Continental suturing leads to the homogenization of faunas by cross-migration (Hallam, 1972) and the extinction of any less well-adapted groups which face stronger competition. Conversely, continental rifting leads to the isolation of faunas which then follow their own distinct evolutionary development. For example, marsupial mammals probably reached Australia from South America in the Upper Cretaceous along an Antarctic migration route (Hallam, 1981) before the Late Cretaceous marine transgression removed the land connection between South America and Antarctica and closed the route for the later evolving placental mammals. Sea floor spreading then ensured the isolation of Australia when the sea level dropped, and the marsupials evolved unchallenged until the Neogene when the collision of Asia and New Guinea allowed the colonization of placental mammals from Asia.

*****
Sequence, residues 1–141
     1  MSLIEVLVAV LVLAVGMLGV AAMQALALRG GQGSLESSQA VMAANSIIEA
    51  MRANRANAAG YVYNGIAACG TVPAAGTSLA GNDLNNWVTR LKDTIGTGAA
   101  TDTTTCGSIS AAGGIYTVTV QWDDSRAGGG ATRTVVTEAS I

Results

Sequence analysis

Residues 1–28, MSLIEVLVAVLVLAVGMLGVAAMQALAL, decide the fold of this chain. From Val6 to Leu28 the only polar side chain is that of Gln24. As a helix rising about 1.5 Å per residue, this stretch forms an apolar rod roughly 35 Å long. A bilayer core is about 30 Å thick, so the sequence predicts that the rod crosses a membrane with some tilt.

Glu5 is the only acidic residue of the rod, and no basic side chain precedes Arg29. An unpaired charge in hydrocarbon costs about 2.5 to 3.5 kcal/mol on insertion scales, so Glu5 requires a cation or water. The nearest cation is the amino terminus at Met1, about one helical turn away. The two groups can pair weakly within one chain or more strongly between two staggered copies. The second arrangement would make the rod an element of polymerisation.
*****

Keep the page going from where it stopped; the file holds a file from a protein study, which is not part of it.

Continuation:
How To Have A Perfect Boating Experience

How To Have A Perfect Boating Experience

Lets start by identifying what exactly certain boats are. Sometimes the terminology can get lost on beginners, so well look at some of the most common boats and what theyre called. These boats are exactly what the name implies. They are meant to be used for fishing. Most fishing boats are powered by outboard motors, and many also have a trolling motor mounted on the bow. Bass boats can be made of aluminium or fibreglass.